How do you expect demand to evolve over the near, medium, and longer term?
As compared to other regions across Europe, the U.K. is unique – and London is particularly unique – because it is still experiencing population growth. That growth puts continued pressure on the limited and increasingly expensive supply of housing, so it goes without saying that I expect multifamily to remain one of the healthiest asset classes. People need beds to sleep in. That will not change. That's why we continue to focus on maximizing our exposure to multifamily rental. Our strategy is meant to capitalize on the near-term opportunity, as there's really no way of developing properties quickly enough.
Without question, multifamily continues to outperform other property types. For example, industrial has repriced significantly as interest rates have come up, and office and retail are no different. Sure, interest rates remain an issue for multifamily too, depending on how long the current rates sustain, but the necessity of housing creates a floor. That's why we're still driving revenue growth right now while other asset classes are struggling to grow. I can say with absolute confidence that multifamily will continue to experience meaningful rental growth, so we're getting the benefit of that inflation plus the benefit of further shortages.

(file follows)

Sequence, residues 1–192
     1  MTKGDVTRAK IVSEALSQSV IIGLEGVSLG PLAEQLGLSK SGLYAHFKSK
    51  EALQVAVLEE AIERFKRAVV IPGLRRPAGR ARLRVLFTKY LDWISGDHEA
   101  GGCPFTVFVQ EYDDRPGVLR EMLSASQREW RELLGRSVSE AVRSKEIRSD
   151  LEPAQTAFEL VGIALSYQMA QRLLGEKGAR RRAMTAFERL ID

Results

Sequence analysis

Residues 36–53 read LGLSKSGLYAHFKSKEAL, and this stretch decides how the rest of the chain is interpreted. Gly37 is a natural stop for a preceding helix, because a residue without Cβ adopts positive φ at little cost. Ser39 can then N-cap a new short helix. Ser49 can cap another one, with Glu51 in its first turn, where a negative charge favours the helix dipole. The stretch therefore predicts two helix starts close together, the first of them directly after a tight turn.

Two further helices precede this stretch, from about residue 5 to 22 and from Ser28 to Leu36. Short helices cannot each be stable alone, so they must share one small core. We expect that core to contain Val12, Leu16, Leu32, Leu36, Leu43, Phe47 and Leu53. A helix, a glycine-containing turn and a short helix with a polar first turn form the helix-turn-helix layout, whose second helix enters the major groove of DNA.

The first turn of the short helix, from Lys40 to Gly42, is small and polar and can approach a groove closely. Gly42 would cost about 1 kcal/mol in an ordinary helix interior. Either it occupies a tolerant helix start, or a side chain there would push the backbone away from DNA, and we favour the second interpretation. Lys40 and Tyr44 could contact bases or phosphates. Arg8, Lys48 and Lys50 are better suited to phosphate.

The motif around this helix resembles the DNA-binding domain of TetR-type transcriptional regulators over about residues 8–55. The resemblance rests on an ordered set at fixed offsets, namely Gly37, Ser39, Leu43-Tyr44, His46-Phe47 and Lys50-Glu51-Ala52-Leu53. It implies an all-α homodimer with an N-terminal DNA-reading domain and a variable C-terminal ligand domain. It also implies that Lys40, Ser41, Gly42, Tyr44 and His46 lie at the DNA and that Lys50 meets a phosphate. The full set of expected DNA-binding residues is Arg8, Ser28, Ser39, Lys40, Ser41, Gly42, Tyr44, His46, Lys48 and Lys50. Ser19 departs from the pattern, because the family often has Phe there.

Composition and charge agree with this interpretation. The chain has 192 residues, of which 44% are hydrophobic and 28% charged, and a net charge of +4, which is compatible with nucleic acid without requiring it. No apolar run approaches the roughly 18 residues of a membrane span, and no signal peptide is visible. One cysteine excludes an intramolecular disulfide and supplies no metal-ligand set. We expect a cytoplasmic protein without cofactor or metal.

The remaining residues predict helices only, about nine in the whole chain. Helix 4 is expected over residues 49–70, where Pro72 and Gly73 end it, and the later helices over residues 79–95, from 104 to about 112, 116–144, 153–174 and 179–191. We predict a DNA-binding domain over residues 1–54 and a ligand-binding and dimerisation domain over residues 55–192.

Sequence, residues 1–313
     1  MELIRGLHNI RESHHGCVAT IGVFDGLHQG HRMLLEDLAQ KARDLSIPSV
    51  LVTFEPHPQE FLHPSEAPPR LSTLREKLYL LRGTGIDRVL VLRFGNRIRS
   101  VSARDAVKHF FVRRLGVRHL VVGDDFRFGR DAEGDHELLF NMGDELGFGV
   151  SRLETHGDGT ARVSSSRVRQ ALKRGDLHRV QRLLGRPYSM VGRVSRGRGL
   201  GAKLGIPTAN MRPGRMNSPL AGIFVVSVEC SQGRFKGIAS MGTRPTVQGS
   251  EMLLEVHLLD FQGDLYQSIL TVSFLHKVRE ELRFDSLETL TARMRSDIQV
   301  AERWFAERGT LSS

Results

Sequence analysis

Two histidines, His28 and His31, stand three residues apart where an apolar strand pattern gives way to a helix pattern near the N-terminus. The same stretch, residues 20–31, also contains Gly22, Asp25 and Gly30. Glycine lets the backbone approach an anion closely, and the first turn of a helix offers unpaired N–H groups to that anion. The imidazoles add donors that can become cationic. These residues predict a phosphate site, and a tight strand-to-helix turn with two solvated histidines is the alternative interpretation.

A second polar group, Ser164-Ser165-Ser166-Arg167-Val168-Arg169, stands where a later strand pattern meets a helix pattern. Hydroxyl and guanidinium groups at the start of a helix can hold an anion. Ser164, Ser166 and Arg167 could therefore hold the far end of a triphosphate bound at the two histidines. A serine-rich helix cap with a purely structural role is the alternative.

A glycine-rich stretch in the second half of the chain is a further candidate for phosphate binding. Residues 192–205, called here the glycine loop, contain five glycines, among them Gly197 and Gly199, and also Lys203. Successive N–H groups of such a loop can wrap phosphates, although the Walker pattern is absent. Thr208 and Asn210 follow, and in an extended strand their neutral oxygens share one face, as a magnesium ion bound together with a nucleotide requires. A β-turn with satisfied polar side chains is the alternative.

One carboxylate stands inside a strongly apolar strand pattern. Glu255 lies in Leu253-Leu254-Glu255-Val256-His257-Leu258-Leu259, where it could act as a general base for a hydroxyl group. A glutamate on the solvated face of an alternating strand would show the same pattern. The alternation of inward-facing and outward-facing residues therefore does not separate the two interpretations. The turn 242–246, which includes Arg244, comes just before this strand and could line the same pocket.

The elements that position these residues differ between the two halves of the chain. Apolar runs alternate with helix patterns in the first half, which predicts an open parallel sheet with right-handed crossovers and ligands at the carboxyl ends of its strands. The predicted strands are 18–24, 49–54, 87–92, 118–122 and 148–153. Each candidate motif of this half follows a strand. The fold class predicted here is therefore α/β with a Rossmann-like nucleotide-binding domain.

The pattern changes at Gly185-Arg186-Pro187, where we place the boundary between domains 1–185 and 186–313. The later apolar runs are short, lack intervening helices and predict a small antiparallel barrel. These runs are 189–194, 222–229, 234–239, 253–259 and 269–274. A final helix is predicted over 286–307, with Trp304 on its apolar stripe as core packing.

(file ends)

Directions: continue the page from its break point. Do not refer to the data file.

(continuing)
Beyond the demand factor, what steps are you taking to increase property value?
The U.K. multifamily asset class is not as established as the asset class in the US, so there are significant opportunities to increase value via operational improvements. There aren't off-the-shelf providers of property management or leasing services at economic rates that help to drive net operating income (NOI). As such, as I noted earlier, we’ve internalized various operational components of property management, leading to a reduction in operational expenses and an increase in NOI margins. It’s a really great way to add value. On the leasing side, we've internalized a lot of the functions, especially renewals. Finally, in some markets where we own a property and there's also a third-party owner with a third-party service provider, we’re adding value by significantly outperforming on rental rates achieved and lease up velocity.